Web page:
Don’t Give Fig Newtons to Mountain Goats

The state of Montana is so, so amazing. If you want a road trip, put Montana at the top of your list. People come here to see Glacier National Park and other parks and national forests. You can see everything here, from mountains to forests to plains. There are so many environments to check out, beautiful vistas, wild spaces, friendly towns, and a thriving, diverse population of wildlife.

That brings me to my story. I’m here to tell you, don’t feed mountain goats Fig Newtons. I learned the hard way.

I was not far outside the border of Glacier National Park, just having an afternoon drive, when my progress got a bit slowed by a herd of mountain goats in the middle of the highway. Believe it or not, this isn’t super-uncommon in Montana or Wyoming. It might not always be mountain goats that stop traffic. I’ve heard stories and warnings about buffalo blocking traffic, too, and these huge creatures aren’t inclined to move once they’ve sat down to rest or picked a grazing spot.

There are all kinds of warnings against feeding and interacting with wildlife, but I think you’ve gotten the picture by now that I’m not always great at playing by the rules. I could see my mountain goats coming from a long way off on a long, flat stretch of road. There weren’t too many of them at first, about eight goats standing in the road. I slowed down to take a look. I’d spotted them from a distance and through my binoculars, but I was so excited to see these animals up close.

They were pretty bold about my van. They made way and milled around. I’m sure they would have let me through if I kept rolling forward or beeped my horn. But I put my van in park and rolled down my window for a proper look at these fuzzy, horned critters. They have strange eyes and a curious yet skittish nature. I snapped some pictures while the goats gave me and the van a once-over from a comfortable distance a few feet away.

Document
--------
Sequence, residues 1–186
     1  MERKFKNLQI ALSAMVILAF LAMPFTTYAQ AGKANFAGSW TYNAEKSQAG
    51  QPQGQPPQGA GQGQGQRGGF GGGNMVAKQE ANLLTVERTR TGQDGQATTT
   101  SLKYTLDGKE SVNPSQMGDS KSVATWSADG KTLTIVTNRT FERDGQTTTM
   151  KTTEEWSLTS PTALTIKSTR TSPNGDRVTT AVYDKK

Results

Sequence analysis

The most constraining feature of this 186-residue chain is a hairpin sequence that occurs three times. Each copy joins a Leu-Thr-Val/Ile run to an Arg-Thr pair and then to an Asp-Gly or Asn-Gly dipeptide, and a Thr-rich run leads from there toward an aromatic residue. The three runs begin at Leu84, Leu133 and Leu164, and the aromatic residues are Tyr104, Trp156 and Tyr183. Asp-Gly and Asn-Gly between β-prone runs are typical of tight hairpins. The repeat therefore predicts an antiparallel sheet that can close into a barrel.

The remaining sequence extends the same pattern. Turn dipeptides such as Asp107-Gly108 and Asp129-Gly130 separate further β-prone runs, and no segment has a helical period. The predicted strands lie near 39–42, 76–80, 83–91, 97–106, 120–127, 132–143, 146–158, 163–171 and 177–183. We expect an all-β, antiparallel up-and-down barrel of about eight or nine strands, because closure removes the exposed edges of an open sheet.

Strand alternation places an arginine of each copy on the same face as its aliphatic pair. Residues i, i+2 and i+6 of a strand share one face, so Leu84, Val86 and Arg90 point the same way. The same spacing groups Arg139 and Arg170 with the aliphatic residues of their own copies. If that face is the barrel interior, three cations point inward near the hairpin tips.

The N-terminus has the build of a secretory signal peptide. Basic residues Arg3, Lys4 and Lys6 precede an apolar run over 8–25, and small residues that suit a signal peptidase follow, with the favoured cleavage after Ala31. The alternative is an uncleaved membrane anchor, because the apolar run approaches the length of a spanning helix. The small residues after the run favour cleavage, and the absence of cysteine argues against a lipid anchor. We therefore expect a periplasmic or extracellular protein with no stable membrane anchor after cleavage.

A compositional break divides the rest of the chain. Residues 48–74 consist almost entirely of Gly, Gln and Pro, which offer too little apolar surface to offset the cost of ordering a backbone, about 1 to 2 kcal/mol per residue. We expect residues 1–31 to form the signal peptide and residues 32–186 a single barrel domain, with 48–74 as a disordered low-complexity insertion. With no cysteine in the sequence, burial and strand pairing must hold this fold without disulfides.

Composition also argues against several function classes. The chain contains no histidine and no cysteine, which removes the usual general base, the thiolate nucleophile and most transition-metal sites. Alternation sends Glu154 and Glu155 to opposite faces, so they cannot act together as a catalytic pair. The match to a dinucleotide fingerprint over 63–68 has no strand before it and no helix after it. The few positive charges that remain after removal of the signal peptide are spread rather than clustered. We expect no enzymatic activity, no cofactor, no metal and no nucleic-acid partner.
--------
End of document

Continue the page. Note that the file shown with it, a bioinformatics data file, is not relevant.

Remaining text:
I wanted them to come a little bit closer, and then, I got a bright, or maybe stupid, idea. I decided to feed the mountain goats. It was like every sign and warning I’d heard about feeding wildlife disappeared from my mind and I was blinded by the cute fuzziness of these animals. I rooted around my van for something that seemed goat-friendly and came up with a package of Fig Newtons, which I’ve never liked that much anyway.

I started tossing them out my window. The goats were a little startled but moved in to investigate. And that’s when the goats had a revelation. Apparently, they love Fig Newtons. Those big alien-like eyes of theirs got even wider. And pretty soon, they were crowding closer and closer to the van and I was nearly out of Fig Newtons. Once I ran out of Fig Newtons, things got a little dicey. I got my wish to see the goats up close; they were crowded around my van, staring in my windows. It was when I heard a thud of something headbutting my bumper that I knew I’d made a mistake. Don’t feed the goats.

I decided to get out of there, and it wasn’t easy. I had to lay on my horn and inch forward. When goats would move out from in front of me, others would take their place, and they were all following me. Eventually, though, I got an opening and stepped on it, leaving the goats behind me.

Learn from me; don’t feed the wildlife. I realized later that while Fig Newtons are plain snacks and many goats didn’t get to eat one, I risked making them sick and shouldn’t have encouraged them to be in the road. Now, it’s another lesson learned on the road.

Brittany

Brittany is an adventurer, explorer, artist, and writer, and more yet to be discovered!